Steps to run a community blitz

1. Electric and/or gas utilities express an interest to CERTs in serving manufactured homes.
2. Identify manufactured home parks that are good candidates, given your capacity and goals, with which to host an activity.
3. Engage with a park contact who can be the local champion to shape the activity around and for their community.
4. Invite other partners to contribute or participate for a more comprehensive offering.
5. Give away free energy saving items and provide information.
6. Raffle a high ticket energy item or give away non-energy items to draw people into the event.
7. Utility representatives and other partners attend the event and engage.

Implementation: success requires adaptability

We started implementing the new project in 2020, and…well, we all know how 2020 went!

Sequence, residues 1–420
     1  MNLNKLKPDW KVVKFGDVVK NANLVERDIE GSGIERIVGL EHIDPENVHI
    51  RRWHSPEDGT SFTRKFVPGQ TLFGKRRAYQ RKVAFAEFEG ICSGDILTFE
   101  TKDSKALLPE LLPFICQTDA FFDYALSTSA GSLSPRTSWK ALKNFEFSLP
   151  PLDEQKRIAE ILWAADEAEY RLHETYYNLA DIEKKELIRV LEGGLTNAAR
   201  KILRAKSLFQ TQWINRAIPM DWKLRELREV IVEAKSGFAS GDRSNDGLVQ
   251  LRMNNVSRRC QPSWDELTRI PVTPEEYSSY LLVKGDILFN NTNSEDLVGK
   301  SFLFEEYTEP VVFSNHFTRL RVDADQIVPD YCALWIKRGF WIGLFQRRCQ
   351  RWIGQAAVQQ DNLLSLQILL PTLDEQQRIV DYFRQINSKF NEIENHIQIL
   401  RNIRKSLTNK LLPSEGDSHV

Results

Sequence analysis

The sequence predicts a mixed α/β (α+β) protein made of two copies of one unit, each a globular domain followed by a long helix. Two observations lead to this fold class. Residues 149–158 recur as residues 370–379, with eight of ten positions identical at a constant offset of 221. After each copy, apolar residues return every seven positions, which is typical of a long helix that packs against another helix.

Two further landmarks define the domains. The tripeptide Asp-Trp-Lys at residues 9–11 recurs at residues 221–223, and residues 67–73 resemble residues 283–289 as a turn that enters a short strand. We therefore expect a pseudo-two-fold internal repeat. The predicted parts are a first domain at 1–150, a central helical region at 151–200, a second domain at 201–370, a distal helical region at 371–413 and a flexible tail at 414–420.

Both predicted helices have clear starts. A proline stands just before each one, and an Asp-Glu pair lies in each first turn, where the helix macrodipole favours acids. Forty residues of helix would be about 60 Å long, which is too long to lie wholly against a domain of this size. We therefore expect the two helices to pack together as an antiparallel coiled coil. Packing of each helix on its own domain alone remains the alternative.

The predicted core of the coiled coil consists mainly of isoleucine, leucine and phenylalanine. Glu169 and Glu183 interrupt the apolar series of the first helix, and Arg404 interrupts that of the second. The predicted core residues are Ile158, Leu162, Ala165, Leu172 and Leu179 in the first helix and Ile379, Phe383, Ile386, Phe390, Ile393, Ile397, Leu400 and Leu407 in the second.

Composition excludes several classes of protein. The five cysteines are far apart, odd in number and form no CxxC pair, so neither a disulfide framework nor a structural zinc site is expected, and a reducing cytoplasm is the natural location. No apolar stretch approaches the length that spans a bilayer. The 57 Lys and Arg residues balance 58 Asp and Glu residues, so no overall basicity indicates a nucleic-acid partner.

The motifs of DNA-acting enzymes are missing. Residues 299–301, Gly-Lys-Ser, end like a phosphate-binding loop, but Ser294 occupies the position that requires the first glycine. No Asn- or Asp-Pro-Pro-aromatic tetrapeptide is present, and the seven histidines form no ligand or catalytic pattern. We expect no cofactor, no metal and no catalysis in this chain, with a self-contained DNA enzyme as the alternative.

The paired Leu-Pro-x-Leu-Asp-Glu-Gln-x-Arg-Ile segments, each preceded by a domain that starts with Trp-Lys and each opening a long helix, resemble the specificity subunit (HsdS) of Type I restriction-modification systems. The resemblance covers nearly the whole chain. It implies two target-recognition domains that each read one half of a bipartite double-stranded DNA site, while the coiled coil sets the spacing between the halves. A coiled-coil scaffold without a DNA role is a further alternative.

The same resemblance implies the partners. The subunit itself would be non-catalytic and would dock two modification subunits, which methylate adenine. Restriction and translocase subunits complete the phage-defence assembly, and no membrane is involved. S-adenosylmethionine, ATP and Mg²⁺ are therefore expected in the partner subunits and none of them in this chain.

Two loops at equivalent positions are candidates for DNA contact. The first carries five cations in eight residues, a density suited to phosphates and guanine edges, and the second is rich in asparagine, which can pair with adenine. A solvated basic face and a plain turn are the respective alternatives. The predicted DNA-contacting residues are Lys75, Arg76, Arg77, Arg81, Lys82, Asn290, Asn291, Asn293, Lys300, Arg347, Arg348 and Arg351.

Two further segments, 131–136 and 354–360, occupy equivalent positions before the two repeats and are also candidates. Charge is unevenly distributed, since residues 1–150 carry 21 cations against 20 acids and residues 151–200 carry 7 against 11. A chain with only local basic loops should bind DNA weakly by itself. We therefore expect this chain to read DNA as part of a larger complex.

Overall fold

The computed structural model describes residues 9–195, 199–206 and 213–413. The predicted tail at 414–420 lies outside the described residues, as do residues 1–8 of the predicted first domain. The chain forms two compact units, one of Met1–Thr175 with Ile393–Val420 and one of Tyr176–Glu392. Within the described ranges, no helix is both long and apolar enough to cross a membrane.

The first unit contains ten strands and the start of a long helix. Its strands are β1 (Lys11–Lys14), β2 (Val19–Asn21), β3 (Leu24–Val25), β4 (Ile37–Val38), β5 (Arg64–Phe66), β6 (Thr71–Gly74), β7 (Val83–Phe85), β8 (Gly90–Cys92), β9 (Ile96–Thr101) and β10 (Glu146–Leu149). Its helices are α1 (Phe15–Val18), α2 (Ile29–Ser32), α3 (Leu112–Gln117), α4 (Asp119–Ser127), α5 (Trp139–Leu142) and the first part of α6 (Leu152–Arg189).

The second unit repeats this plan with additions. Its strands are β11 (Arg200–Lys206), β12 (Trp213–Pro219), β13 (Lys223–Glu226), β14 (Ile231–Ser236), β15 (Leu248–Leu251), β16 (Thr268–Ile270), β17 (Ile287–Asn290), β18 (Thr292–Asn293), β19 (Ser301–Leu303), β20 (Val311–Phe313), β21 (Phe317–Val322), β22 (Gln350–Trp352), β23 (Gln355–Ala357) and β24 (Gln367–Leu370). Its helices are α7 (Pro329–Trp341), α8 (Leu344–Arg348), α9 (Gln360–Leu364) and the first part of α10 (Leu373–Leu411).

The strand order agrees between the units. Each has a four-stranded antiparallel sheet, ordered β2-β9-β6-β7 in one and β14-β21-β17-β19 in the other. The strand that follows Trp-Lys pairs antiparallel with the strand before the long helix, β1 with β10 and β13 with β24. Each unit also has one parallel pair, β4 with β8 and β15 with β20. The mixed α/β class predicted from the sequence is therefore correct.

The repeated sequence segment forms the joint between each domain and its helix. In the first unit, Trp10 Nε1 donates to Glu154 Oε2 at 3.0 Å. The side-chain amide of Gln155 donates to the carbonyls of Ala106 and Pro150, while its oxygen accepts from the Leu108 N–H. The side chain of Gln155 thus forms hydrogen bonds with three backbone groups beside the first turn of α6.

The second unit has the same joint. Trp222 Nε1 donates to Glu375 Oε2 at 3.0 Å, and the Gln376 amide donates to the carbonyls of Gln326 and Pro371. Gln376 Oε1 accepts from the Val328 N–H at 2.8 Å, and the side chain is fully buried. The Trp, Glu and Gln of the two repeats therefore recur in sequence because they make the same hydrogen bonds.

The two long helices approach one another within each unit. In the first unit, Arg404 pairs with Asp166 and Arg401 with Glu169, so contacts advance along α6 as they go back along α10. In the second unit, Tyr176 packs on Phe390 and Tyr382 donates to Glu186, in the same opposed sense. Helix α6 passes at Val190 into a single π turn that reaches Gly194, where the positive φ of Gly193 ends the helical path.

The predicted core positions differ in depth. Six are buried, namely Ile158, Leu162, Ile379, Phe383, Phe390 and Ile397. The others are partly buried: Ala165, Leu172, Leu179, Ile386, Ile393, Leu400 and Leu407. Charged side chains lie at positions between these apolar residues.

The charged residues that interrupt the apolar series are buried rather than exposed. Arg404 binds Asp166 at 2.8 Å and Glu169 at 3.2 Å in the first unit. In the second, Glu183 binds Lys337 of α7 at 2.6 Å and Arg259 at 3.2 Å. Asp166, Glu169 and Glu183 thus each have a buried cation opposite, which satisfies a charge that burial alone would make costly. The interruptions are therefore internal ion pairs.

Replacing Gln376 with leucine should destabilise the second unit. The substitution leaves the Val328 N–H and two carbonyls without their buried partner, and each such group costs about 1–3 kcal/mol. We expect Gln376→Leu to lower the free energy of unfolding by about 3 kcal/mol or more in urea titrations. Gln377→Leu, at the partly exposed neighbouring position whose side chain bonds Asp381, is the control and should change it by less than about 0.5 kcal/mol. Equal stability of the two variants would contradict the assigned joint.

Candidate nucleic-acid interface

People in an open space

We planned to host in-person trainings on efficiency measures. Given the global pandemic, those didn’t happen. We shifted to what could be distributed safely and with social distancing

Local partnerships may provide resources (handouts, tools, kits) and expertise, such as a fire department with free heat tape materials, a church providing food, or a nonprofit giving out books and even laptops at events. A particularly fun and effective event in Willmar included ice cream — popular with the kids!

When parks lack an in-door community space and a good sense of community among residents, it may make more sense to employ a door-to-door approach, which can also be done as a follow-up to community events. This is done by paid staff, volunteers, or in some cases CERTs, utility, or non-profit staff who want to ensure that the outreach had been completed. 

Valuing people’s time

Hermantown community eventFrom the beginning, we knew we wanted to respect the value of people’s time as well as recognize that people have a lot going on in their lives. They don’t have unlimited time and mental resources to devote to any single thing, including energy efficiency. In particular, a process that required people to sign up for an in-home visit, confirm that visit, and then schedule their lives in a way that they could be home for that visit was unrealistic for many people.